Archbishop Timothy Dolan of Milwaukee, confronted by the bold actions of his friend and apostolic brother Bishop Raymond Burke, decides to punt rather thantake action.
On the one hand, the archbishop says he’s happy that Burke “front-burnered” the issue of pro-abortion Catholic politicians, he’s waiting for the US bishops’ conference to propose guidelines for bishops. Is this leadership? Is this apostolic courage? Is the example first shown by St. Athanasius who was exiled from his see by own people for speaking the truth against Arianism? The bishop is sovereign in his own diocese and no national conference of bishops can overrule him or take on any of his powers. All Dolan needs to do is follow Burke who has shown that a bishop has the right and duty to take this kind of action.
Archbishop Dolan says he’s at peace with the way he’s been dealing with the problem, through preaching. I see, and has it made a discernible difference in a single Catholic politician? I am reminded of the parents who calmly tell their children not use the scissors on the curtains, but never punish the child for fear of “harming his development.” Meanwhile, he’s growing into an uncontrollable brat.
Even his formulation of the problem is troublesome.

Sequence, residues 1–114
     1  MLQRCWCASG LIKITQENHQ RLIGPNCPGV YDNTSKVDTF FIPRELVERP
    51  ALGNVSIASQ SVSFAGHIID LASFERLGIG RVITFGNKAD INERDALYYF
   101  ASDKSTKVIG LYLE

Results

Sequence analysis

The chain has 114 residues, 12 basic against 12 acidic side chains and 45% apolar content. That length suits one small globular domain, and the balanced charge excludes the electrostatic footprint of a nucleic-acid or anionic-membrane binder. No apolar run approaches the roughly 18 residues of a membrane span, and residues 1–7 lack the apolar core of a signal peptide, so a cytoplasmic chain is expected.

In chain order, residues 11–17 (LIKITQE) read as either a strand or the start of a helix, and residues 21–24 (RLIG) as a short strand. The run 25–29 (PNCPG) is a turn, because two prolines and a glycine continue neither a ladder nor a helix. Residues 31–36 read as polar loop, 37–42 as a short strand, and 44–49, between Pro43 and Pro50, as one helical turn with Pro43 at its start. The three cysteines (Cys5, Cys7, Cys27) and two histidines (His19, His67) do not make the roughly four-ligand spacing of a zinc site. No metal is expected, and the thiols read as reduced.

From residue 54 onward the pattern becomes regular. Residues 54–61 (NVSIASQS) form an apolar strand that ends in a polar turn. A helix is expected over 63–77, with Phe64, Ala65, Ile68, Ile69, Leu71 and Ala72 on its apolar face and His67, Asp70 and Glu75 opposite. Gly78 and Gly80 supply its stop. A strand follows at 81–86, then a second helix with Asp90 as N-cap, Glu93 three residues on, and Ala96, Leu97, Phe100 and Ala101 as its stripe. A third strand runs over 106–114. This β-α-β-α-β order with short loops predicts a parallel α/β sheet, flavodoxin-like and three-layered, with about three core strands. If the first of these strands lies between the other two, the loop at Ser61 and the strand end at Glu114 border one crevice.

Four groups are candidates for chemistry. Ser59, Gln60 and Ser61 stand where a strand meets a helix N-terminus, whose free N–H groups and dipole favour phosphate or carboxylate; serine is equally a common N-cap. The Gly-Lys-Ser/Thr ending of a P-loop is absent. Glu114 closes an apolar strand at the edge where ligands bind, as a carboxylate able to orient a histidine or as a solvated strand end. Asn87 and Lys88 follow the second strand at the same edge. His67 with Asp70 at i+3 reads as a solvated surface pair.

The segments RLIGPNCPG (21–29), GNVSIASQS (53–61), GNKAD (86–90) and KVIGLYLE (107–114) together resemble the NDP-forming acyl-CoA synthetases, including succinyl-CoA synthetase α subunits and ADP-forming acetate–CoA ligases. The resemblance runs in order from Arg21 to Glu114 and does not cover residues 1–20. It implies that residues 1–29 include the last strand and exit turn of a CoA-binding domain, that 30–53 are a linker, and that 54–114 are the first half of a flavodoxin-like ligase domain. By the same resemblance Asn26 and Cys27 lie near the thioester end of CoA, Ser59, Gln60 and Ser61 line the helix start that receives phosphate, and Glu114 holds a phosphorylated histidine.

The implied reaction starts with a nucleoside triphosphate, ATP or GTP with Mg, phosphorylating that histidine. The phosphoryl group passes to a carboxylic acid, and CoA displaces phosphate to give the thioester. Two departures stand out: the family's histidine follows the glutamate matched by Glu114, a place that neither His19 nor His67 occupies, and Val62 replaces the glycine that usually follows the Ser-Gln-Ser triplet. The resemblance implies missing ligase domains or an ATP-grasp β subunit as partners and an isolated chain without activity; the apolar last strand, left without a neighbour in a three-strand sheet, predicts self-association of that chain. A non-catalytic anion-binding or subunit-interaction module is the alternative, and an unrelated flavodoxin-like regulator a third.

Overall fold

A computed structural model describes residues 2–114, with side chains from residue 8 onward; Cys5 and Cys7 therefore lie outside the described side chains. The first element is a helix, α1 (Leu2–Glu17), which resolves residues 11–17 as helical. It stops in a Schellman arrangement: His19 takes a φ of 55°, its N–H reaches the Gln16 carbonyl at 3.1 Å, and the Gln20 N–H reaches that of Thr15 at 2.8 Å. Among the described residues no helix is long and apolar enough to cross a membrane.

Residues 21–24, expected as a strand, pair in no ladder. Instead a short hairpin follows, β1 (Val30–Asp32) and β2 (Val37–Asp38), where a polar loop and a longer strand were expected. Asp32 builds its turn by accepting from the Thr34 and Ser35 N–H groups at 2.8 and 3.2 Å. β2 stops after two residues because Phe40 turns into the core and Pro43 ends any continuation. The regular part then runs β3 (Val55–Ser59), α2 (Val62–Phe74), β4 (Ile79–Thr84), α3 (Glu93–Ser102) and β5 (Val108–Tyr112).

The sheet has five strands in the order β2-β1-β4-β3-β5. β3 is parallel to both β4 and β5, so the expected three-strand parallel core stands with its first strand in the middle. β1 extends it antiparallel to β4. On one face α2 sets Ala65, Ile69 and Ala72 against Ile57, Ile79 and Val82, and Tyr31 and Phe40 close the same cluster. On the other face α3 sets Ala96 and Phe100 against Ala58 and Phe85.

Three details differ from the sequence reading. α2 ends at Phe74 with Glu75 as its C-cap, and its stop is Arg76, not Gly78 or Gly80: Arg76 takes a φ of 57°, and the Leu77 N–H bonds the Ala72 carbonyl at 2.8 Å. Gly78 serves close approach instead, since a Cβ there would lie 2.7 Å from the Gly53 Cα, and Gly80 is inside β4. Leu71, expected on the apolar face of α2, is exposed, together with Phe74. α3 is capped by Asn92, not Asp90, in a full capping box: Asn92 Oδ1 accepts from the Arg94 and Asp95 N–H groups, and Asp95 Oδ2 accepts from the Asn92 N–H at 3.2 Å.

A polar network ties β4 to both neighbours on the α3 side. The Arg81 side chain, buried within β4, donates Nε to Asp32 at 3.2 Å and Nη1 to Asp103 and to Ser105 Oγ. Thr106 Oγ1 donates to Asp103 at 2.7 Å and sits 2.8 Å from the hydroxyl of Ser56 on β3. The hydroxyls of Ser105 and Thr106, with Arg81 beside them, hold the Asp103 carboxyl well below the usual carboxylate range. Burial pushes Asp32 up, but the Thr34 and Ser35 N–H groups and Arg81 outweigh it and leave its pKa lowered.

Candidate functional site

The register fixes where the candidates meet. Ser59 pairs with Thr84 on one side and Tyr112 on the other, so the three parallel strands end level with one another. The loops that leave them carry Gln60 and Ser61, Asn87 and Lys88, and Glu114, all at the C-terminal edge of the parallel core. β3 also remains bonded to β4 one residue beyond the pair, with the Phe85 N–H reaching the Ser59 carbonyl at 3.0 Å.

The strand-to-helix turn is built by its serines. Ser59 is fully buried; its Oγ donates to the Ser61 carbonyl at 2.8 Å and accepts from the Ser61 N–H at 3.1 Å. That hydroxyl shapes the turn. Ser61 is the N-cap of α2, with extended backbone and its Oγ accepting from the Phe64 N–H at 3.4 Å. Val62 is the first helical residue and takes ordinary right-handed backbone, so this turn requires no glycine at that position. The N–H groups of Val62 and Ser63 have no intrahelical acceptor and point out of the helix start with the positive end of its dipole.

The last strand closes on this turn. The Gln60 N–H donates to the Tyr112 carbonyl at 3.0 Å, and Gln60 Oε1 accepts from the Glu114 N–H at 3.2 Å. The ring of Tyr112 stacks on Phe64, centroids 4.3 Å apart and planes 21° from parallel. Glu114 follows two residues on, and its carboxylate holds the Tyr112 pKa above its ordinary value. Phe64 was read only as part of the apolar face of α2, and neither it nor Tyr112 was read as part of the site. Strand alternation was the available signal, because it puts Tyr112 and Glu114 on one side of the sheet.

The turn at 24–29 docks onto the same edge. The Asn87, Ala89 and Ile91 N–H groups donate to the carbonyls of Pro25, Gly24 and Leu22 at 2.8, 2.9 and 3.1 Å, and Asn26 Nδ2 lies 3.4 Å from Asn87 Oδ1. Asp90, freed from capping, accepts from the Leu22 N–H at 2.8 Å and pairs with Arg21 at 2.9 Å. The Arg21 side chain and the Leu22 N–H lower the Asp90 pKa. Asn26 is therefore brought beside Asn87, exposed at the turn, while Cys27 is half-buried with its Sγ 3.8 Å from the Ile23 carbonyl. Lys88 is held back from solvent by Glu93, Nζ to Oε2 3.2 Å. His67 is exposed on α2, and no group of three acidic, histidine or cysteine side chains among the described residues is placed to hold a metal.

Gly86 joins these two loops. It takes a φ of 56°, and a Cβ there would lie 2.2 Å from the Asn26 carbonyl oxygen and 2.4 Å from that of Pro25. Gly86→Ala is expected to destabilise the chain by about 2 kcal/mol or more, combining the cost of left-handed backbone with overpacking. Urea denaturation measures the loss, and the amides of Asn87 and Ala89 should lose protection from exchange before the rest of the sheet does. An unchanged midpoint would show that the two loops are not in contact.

It bothers me if any politician, Catholic or not, is for abortion. Because in my mind, we’re talking about a civil right, we’re not talking about a matter of Catholic Church discipline. We can’t allow the noble pro-life cause to be reduced to a denominational issue.
It’s not a civil rights issue and it’s not a Church discipline issue. It’s a truth issue. It is natural moral law issue: It is wrong to take innocent life.
You know, we American bishops – again (speaking as) the church historian – I look back to our stance on slavery, and it wasn’t a good one. And we look back and say, ‘Darn it. We missed an opportunity to be prophetic.’
To be prophetic or to stand up for the truth, for what is right and moral?
Bottom line: What do bishops have to lose by standing up to pro-abortion Catholic politicians? Do they think donations will drop off? Are pro-abortion Catholics giving that much money to the Church? If they are, then perhaps we don’t want that blood money anyway. Or perhaps bishops want to be able to say that they can be the “public face of the Church in the public square” and continue to smile and nod at Senator “Catholic Pro-abort” at rubber-chicken dinners and soup kitchen openings. Who knows?
I’ll tell you one thing though: by equivocating in this way, the bishops continue to alienate and discourage those Catholics who are the heart of the Church, who actually want to live by and proclaim the Truths of Jesus Christ. Who would the bishops rather be closer friends with and count as their more ardent supporters?